"The new Mac Pro 2013 is advertised to support up to 64GB of memory, and we understand that pro users running applications that place high demands on RAM have a need to meet and most likely exceed this threshold," said Transcend's Director of Research and Development Angus Wu. "For this reason, we have developed and fully tested higher density modules to give users the option of raising their Mac Pro system memory to the advertised 64GB right up to 128GB."
Transcend guarantees 100% compatibility with the 2013 Mac Pro, alongside a lifetime warranty. If you want the 64GB kit, that costs $980, while the 128GB RAM kit goes for a whopping $2480.
Read More | Transcend
Power. The Apple Mac Pro (late 2013) is the newest Mac on the block, and it's also the most powerful computer ever made by Apple. It deserves to be, too, as the Mac Pro lost that title as Apple let that product line slip into virtual irrelevancy. After all, the previous Mac Pro spent the last four-or-so years at a technical standstill. It didn't have any Thunderbolt ports, no USB 3.0, no PCIe flash storage...heck, it didn't even have an 802.11n Wi-Fi option. For all intents and purposes, Apple had allowed the Mac Pro, the one machine that was aimed at meeting the needs of the most demanding customers, to become a dinosaur.
That is, until the release of the newly-redesigned Mac Pro (late 2013) model. With its smooth metallic cylindrical shape that looks like it was plucked off of an alien spaceship, smaller and lighter profile, and top-of-the-line specs that include PCIe SSD storage, dual workstation-class GPUs as standard, the newest Intel Xeon processors (up to 12 cores!), 802.11ac Wi-Fi, and a bunch of I/O ports which include Thunderbolt 2 and USB 3.0, this thing is a beast. It's modern--no, futuristic.
For all of you professional video editors, photographers, graphic artists, 3D animators, audio engineers and the like, we're betting that Apple has piqued your interest. After all, this is a Mac which can drive up to three 4K displays simultaneously. That's a lot of power. Wondering if it should be your next purchase? It's expensive, starting at $2,999 (and climbing up to $9,559 depending on how you configure it,) so we're here to help you in your decision making. Follow along as we bring you our full Mac Pro (late 2013) review, after the jump.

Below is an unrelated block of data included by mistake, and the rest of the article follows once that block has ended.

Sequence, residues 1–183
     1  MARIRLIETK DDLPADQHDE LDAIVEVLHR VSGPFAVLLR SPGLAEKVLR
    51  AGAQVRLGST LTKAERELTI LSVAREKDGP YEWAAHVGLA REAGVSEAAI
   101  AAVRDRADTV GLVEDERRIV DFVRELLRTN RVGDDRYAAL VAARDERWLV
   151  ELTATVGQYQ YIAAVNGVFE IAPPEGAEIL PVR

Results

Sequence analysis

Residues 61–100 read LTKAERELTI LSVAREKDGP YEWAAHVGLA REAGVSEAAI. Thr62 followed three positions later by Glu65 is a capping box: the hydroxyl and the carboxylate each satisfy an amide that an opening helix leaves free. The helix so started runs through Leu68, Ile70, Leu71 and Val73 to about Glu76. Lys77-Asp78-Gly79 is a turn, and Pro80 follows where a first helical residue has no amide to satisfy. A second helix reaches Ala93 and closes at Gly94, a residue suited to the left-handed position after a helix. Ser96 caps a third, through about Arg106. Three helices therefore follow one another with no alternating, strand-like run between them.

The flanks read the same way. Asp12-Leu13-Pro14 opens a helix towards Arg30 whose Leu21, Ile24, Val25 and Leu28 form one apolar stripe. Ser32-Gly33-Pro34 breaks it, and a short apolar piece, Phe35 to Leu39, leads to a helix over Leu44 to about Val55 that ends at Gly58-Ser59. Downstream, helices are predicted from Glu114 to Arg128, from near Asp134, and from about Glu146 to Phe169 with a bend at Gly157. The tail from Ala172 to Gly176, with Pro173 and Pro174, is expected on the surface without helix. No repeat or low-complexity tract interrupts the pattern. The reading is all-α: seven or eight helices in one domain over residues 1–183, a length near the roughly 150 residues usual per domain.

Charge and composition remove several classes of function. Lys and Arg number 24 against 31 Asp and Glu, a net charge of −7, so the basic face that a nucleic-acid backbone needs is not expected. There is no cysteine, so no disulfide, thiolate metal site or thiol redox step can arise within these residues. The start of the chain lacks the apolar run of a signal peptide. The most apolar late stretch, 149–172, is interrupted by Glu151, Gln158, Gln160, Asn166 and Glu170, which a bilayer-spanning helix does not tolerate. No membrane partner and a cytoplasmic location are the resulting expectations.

We give you a look at the newly designed Apple Mac Pro in this episode! Apple has rebuilt the Mac Pro from the ground up to be a multimedia powerhouse, optimized for tasks like video editing, audio work, 3D modeling, and other such pro tasks. Here are the specs on the Gear Live Mac Pro featured in this episode:
- 3.5 GHz Intel Xeon E5 Six-Core
- 64GB of 1866 MHz DDR3 ECC RAM
- 256GB PCIe-based Flash Storage
- Dual AMD FirePro D500 GPUs (2 x 3GB)
- Six Thunderbolt 2 Ports
- Four USB 3.0 Ports, One HDMI 1.4 Port
- Supports up to Three 4K Displays
- 802.11a/b/g/n/ac Wi-Fi, Bluetooth 4.0
- Unique Compact Cylinder Design
- Mac OS X 10.9 Mavericks
Apple has these on backorder for about 8 weeks, but if you order a Mac Pro from B&H Photo, you should be able to get one shipped out much sooner, if not immediately.
Don't forget to subscribe to Gear Live's YouTube channel!
Apple's new, redesigned Mac Pro launched in late December, and has been in short supply ever since. In fact, a few days ago shipments were pushed back to March. In other words, if you order a new Mac Pro today from Apple, you'll be waiting at least five weeks before it will be shipped to you--if by March they mean "early March." I needed one of the new models, and didn't want to wait, so instead I checked one of my other favorite tech stores on the planet: B&H Photo. Sure enough, they had the Mac Pro in stock! The other benefit of B&H Photo is that the order would be tax-free, unlike Apple, saving me about $400. I used some of that savings towards overnight shipping, and was able to order a Mac Pro right away, pay about 10% less than I would have paid to Apple, and received it the following day rather than having to wait a couple of months for it.
If you want to get your hands on the new Mac Pro without waiting, be sure to check it out at B&H Photo!
Read More | B&H Photo
Apple has revealed more details about the new Intel Xeon-powered Mac Pro at today's Apple iPad event. The new, small cylinder relies solely on PCIe flash that sees 1.2/GB/s reads and 1.0GB/s writes, with six Thunderbolt 2 ports and AMD FirePro graphics with up to 12GB of GDDR VRAM. The Mac Pro can support up to three 4K displays over Thunderbolt plus an additional over HDMI (it supports HDMI 1.4.) Four USB 3.0 ports, 802.11ac, Bluetooth 4.0, and a motion sensor round out the main features. It starts at $2999 for a 3.7GHz Quad-core Xeon, 12GB RAM, and launches in December.
© Gear Live Inc. – User-posted content, unless source is quoted, is licensed under a Creative Commons Public Domain License. Gear Live graphics, logos, designs, page headers, button icons, videos, articles, blogs, forums, scripts and other service names are the trademarks of Gear Live Inc.